Review: Skilhunt DS10 (1x) 16340 Light With Full Runtimes and Full Video Review

mhanlen

mhanlen

Enlightened
Joined
Jul 14, 2013
Messages
494
Location
Eastern USA


Hey everyone. This is a video/picture review of the Skilhunt DS10 EDC flashlight. About 2 weeks ago they sent me this light and the H02 headlamp for review, so after a ton of work here is the first of two reviews.




14232073298_ac0a57f4d1_c.jpg
14418667395_a624f39be6_c.jpg








The DS10 is the smallest light in Skilhunt's new EDC line of flashlights. The DS10 accepts 16340, CR123, or RCR123 batteries and has an operating voltage of 2-4.2 volts. For all my tests I used a Keepower 16340 700 mah protected battery.



14417533014_86cb668c9e_c.jpg






Here are some of the specs for the light, as provided by Skilhunt.




Skilhunt DS10 Specs
Battery
1x CR123, RCR123, 16340
Operating Voltage
2v-4.2v
LED
XML-2
Color
Black
Accessories
Manual, Warranty Card, o-rings, magnet replace o-ring, lanyard, clip
Optional Accessories
Headband
Length
76mm/2.99in
Body Diameter
24mm/.94in
Head Diameter
22mm/.86in
Weight 47g/1.65oz
Impact Resistance1.5m
Water Resist RatingIPX-8
Body ConstructionType III Anodized Aluminum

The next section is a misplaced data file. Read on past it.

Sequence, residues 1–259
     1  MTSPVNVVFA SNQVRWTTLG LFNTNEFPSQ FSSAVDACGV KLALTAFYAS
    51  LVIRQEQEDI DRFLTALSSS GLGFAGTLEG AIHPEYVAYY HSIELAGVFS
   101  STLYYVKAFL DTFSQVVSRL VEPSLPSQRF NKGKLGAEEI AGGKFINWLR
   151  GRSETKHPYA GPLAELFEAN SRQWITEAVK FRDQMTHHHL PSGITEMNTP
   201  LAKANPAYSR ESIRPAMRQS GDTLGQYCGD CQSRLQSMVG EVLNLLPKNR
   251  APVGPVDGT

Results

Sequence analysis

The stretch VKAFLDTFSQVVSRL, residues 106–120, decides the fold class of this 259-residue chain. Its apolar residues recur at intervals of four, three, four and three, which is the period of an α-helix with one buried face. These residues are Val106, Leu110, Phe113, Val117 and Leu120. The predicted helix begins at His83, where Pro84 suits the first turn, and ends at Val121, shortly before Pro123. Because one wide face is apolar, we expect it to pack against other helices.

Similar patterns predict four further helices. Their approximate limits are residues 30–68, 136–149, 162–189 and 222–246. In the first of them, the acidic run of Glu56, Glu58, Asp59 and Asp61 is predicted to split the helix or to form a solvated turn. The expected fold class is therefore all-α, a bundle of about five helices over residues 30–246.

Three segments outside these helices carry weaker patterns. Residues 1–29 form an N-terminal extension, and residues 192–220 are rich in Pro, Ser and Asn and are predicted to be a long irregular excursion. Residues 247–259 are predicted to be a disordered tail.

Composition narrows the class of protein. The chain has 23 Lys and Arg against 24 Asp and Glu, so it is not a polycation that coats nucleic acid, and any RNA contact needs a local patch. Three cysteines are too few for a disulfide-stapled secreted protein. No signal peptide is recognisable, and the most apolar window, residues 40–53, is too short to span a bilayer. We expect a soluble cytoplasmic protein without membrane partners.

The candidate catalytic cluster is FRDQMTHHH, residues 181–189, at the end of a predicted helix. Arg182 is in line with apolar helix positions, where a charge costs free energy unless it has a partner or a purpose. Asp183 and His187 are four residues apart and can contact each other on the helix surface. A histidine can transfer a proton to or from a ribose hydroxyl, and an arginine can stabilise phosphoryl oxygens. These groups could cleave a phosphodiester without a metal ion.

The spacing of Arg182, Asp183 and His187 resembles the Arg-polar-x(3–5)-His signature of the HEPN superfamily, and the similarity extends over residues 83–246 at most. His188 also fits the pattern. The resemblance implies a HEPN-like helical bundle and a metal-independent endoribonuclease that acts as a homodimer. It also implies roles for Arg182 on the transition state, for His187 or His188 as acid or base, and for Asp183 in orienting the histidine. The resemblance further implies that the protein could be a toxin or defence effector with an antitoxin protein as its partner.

LensCoated Glass






And here are the lumen ratings, I pulled from the operation manual.



FL1 Standard
Level 1
Level 2
Level 3
Level 4
Output Lumens
300
180
60
2
Runtime
1 hr 20 mins
2 hrs 30 mins
7 hours
140 hours



Ok, so just go in assuming the real review is the video review. Mode level comparison, runtimes, operation, comparison to the Sunwayman V11r are all done there. I tried to keep it interesting by not making it a table-top styled review, and the video is in 1080p HD, so it's nice and clear. But I'll give all the vitals here, in case you hate videos.

















So first off this light is small, it's even smaller than my EDC Sunwayman V11R. And up until this point I had never used a Skilhunt light.


14395554836_0917c2a91e_c.jpg








My initial impression, is that this light ranks with other premium lights I own including, Sunwayman, Nitecore, Xtar, Armytek, Fenix, and Spark. The anodization, as should be expected is flawless.





14417388332_d562d9aa5d_c.jpg




14232226457_ac15fde721_c.jpg




14232075890_2c3feac54b_b.jpg




14417386892_33fe4931f1_c.jpg




14417535174_19c491e970_c.jpg






As far as carry options go, every EDC light should at least come with a clip. The DS10 has an easily removable clip that lets you carry it either bezel up or tailcap up. I find it pocket carries and tail stands much better if mounted with the bezel up.



14395555936_d8e2671b66_c.jpg




14232032159_065cd7e981_c.jpg